A large iron bird cage sits has replaced Vin’s flowers.

“Vin?” I call out.

He always jokes it is only a matter of time, given my penchant for feathers and the passionate devotion of my followers that someone would gift me with a real, live bird. After all, within days of our adaptation of Sadako and the Thousand Paper Cranes every man seemed to be learning the ancient art of origami.

The cage has no card or any other form of identifying keep-sake.

I trhow my robe on and run barefoot out into the chaos of the post-show backstage area, bustling with stage hands and other technicians, rather than performers of hanger-ons. The reverie from the theatre and the bar beyond is audible. Minsky’s cash register will be ringing for hours yet.

“Did you see someone come back stage with a parrot?” I ask everyone who passes, but they all shake their heads and hurry on. Opening night is the only night they’re invited to the after party and they’re keen to get in as many free drinks as they can.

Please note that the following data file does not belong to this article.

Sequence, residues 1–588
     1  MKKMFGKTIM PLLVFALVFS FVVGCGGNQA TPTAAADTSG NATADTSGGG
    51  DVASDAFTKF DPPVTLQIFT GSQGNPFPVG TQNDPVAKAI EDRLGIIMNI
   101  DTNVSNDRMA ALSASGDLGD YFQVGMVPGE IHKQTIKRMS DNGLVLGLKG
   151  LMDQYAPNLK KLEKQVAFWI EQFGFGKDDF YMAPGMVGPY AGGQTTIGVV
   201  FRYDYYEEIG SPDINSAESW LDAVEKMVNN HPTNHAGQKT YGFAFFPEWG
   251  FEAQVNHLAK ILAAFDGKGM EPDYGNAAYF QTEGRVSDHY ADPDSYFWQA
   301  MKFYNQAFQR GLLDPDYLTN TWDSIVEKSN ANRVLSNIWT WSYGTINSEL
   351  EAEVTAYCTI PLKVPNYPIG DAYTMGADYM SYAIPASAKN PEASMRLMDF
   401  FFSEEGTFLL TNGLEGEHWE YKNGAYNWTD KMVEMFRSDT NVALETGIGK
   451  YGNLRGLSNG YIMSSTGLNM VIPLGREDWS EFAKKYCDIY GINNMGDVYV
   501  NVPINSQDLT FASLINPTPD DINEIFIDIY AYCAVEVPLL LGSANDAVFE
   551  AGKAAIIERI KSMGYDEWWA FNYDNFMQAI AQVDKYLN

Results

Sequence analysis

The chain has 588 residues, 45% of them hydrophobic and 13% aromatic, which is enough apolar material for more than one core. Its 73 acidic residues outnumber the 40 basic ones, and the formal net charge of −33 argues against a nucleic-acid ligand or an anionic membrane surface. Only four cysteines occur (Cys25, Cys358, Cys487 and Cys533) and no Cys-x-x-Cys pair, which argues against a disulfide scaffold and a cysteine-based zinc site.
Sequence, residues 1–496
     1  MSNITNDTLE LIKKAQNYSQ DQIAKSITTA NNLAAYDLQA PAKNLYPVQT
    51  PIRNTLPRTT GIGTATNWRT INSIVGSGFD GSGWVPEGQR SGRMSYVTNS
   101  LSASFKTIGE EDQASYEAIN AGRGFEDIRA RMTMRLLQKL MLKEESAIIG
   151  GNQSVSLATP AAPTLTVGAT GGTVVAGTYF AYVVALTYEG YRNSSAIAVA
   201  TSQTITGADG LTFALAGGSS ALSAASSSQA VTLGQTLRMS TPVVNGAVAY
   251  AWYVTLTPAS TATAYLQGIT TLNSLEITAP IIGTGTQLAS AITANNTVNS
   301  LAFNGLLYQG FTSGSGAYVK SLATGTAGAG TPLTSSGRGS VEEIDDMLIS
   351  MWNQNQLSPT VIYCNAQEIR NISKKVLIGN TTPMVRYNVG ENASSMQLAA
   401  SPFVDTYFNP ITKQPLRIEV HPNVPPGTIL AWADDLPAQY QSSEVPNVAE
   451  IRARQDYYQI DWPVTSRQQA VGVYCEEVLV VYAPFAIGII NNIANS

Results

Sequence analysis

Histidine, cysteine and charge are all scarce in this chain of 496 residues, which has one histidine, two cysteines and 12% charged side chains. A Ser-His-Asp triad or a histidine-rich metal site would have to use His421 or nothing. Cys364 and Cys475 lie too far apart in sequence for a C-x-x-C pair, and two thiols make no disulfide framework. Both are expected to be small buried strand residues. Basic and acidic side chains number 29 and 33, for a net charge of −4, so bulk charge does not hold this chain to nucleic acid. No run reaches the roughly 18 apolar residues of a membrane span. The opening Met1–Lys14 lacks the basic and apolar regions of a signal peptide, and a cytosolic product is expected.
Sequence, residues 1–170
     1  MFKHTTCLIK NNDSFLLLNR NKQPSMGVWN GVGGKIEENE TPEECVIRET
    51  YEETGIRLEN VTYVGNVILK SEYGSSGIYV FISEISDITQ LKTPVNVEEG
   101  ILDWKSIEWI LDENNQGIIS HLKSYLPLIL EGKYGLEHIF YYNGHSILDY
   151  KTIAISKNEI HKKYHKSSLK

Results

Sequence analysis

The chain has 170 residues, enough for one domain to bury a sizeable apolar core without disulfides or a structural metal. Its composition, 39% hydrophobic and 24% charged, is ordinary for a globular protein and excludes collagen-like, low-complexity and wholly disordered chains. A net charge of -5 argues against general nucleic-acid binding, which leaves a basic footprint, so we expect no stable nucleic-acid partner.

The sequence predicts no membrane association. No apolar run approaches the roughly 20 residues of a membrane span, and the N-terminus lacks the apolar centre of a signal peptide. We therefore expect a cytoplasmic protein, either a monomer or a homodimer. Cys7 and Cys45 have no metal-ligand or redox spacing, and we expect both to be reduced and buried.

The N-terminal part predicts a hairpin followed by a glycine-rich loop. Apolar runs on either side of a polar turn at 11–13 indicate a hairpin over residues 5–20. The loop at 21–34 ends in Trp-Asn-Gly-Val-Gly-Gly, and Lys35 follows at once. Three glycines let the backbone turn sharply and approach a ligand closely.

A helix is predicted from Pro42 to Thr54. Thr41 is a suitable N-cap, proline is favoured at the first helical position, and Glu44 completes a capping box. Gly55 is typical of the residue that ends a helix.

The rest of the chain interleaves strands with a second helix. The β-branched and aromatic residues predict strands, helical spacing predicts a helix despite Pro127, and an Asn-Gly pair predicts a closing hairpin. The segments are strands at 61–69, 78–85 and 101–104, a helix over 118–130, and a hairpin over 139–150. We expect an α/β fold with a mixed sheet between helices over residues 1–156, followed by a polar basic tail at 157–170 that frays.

“A parrot you say Miss Varla,” Louis chuckles when I find him fussing over paperwork in his tiny office. “Can’t say I’ve seen anyone wandering around with a parrot. Mr Minsky was pretty darn clear on barring jerks from backstage. He hired a couple of thugs to man the door tonight. Sorry.”

Stream rolls out of my dressing room door when I open it.

“Shit!” Luisa would have a fit if she knew I’d doused the entire room, including all the costumes, like this.

I wave clear a path through white eddies and turn the taps off, throwing open the tiny window which is the only form of ventilation in the room.

When I walk out of the cubicle, the bird cage is still there –  a  red and green parrot staring at me.

“What the hell am I going to do with you?” I remember only too well all the potted plants I’ve killed.

The bird tilts its head.

The Queen of Hearts is coming.

She get in closer.

“Did you say something?”

It swaps sides, and looks at me from its right shoulder, never releasing me from the stare.

The Queen of Hearts is coming.

I step back, certain the bird said something. But heard is the wrong word. The words seem to just formm with astonishing clarity, in my head.

The Queen of Hearts is coming.

“OK, this is not funny.” I spin around, my mind battling against the logic of it and rip aside the costumes neatly hanging on the rack, looking for Vin. This is another of his practical jokes. But I’m alone.

The tigerlily is still drinking as I poke it through the bars of the cage and into the parrot.  It ruffled its feathers.